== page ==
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NSX-T 2.0 Lab Build: Deploying Controller Cluster

| 26/09/2017 | Tags: , , , ,

Disclaimer! I am learning NSX-T, part of my learning is to deploy in my lab – if I contradict the official docs then go with the docs!

Lab Environment

This NSX-T lab environment is built as a nested lab on my physical hosts. There are four physical ESXi hosts, onto which I will deploy three ESXi VMs, a vCenter Server Appliance, NSX Manager, an NSX Controller cluster, and two NSX Edge Nodes.

Physical, virtual and nested components of the NSX-T lab

Deployment Plan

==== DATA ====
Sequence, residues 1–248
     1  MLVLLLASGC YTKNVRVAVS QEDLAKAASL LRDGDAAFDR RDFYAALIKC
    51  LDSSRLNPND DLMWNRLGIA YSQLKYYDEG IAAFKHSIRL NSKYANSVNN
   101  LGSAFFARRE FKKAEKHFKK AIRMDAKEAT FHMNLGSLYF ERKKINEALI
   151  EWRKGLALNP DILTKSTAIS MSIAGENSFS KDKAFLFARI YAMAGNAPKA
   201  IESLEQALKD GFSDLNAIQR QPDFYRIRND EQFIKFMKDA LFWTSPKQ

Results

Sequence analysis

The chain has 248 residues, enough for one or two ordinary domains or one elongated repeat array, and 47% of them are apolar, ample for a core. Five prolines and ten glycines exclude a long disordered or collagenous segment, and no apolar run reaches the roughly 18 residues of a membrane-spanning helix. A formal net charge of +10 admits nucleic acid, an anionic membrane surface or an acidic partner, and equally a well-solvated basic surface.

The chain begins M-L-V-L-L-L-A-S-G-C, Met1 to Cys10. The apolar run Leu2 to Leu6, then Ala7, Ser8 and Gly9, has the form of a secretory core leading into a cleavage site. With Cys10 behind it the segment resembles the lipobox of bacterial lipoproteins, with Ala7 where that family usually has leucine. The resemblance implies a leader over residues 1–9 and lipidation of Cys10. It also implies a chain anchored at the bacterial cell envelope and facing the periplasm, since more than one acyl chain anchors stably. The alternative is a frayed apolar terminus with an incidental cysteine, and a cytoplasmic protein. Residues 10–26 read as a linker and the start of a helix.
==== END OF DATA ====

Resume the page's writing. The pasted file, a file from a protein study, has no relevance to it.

I will follow the deployment plan from the NSX-T 2.0 documentation:

  • Install NSX Manager.
  • Install NSX Controllers.
    • Join NSX Controllers with the management plane.
    • Initialize the control cluster to create a master controller.
    • Join NSX Controllers into a control cluster.
  • Join hypervisor hosts with the management plane.
  • Install NSX Edges.
    • Join NSX Edges with the management plane.
  • Create transport zones and transport nodes.

When this post series is complete, the network topology should be something like this, with two hostswitches configured. The ESXi Hosts will have a Tunnel Endpoint IP address, as will the Edge. The Edge will also have an interface configured for a VLAN uplink.

The NSX-T Transport Node network configuration

In this post I will walk through deploying the NSX Controllers and creating the NSX Controller Cluster.
(more…)

NSX-T 2.0 Lab Build: Deploying NSX Manager

| 22/09/2017 | Tags: , , , ,